highly active antiretroviral therapy. Grau I; Pallares R; Tubau F; et al. Arch Intern Med 2005 Jul 11;165(13):1533-40.

• HIV-infected smokers experience decreases in the
  percentage and absolute numbers of pulmonary
  CD4+ lymphocytes and suppression of IL-1 beta
  and TNF-alpha production within the lung, which
  may contribute to risk of infection.
• Nosocomial pneumonia in HIV–infected patients
  is most commonly caused by S. aureus and gram-
  negative organisms, including P. aeruginosa, K.
  pneumoniae, and Enterobacter species.
• These infections almost always occur late in the
  course of HIV infection and in patients with
  additional host factors predisposing to bacterial
  infections, such as neutropenia.             ~ Murray, JF,
  Felton, CP, Garay, SM, et al. Pulmonary complications of the acquired immunodeficiency syndrome.
  Report of a National Heart, Lung, and Blood Institute workshop. N Engl J Med 1984; 310:1682.
  ~ Bacterial infections in adult patients with the acquired immune deficiency syndrome (AIDS) and
  AIDS-related complex. Witt DJ; Craven DE; McCabe WR Am J Med 1987 May;82(5):900-6.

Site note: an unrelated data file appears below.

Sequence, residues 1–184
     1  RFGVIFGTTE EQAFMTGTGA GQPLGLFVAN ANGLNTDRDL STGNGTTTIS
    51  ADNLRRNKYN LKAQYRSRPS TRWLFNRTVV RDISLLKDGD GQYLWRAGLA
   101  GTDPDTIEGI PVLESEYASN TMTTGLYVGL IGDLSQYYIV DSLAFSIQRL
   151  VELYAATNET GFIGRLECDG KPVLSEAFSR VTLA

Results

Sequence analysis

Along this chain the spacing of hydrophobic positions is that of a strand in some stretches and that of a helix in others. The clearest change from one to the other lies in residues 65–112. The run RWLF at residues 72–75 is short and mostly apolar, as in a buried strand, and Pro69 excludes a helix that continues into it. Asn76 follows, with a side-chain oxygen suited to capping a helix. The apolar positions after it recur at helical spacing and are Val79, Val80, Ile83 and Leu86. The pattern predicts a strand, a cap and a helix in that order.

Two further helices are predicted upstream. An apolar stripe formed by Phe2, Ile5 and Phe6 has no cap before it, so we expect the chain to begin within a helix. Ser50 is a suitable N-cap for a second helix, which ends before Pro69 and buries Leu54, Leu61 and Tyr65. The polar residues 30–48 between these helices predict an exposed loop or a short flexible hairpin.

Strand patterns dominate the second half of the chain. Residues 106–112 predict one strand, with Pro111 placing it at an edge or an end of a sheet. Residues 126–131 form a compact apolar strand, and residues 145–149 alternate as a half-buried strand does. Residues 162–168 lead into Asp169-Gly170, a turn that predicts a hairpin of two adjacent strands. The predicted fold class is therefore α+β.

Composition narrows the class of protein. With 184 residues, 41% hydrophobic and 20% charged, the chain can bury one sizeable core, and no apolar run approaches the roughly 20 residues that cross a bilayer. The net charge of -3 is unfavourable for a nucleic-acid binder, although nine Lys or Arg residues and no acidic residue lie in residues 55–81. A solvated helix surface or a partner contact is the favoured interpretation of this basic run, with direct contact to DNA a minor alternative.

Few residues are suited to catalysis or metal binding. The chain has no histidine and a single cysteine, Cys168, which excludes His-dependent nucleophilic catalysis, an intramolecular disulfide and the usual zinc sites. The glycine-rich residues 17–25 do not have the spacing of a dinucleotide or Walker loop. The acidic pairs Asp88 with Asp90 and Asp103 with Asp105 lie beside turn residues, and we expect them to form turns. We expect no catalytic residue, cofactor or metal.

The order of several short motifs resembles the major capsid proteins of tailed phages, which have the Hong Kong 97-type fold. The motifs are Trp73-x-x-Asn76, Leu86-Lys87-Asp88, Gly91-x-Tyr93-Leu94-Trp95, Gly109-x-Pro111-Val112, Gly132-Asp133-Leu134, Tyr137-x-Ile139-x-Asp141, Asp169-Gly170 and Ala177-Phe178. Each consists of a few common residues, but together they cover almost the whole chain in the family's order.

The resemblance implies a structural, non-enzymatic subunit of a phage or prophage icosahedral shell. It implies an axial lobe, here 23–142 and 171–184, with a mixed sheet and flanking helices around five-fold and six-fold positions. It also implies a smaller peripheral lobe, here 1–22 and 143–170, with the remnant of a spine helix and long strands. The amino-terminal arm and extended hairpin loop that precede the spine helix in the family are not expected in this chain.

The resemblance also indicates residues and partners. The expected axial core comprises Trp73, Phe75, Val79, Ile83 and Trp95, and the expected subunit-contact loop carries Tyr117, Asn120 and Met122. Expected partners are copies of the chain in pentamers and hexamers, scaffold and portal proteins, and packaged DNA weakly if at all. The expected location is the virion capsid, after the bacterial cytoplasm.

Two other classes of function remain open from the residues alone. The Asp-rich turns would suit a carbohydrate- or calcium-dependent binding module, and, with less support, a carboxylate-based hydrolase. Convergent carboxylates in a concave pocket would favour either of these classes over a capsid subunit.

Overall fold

• Clinical symptoms
• The clinical presentation of bacterial
  pneumonia in the HIV (+) patient is similar to
  that in patients not infected with HIV.
• Most patients have an abrupt onset of fever,
  chills, cough with sputum production, dyspnea,
  and pleuritic chest pain.
• Leukocytosis (+), excepts severe
• Bacteremia is frequently associated with
  pneumonia, with rates as high as 75 %
  reported with S. pneumoniae infection.
• Pretreatment blood cultures yielded positive
  results for a probable pathogen in 5%–14% in
  large series of nonselected patients
  hospitalized with CAP.
                       ~from ATS CAP guideline 2007
• Radiologic findings
• The most common chest roentgenographic
  manifestation of bacterial pneumonia in the
  HIV–infected patient is segmental or lobar
  consolidation, although diffuse
  reticulonodular infiltrates and patchy lobar
  infiltrates may also be seen.
Pneumococcal pneumonia (left 2)
Staphylococcal pneumonia (up)
H.Influenza pneumonia (R’t up)
K.P pneumonia (Right lower)
•   Diagnosis
•   Sputum culture
•   Blood culture
•   S. pneumonia can be isolated in blood cultures
    in up to 60 percent of HIV-infected patients
    with pneumococcal pneumonia.                                                         ~Janoff, EN, Breiman, RF, Daley, CL,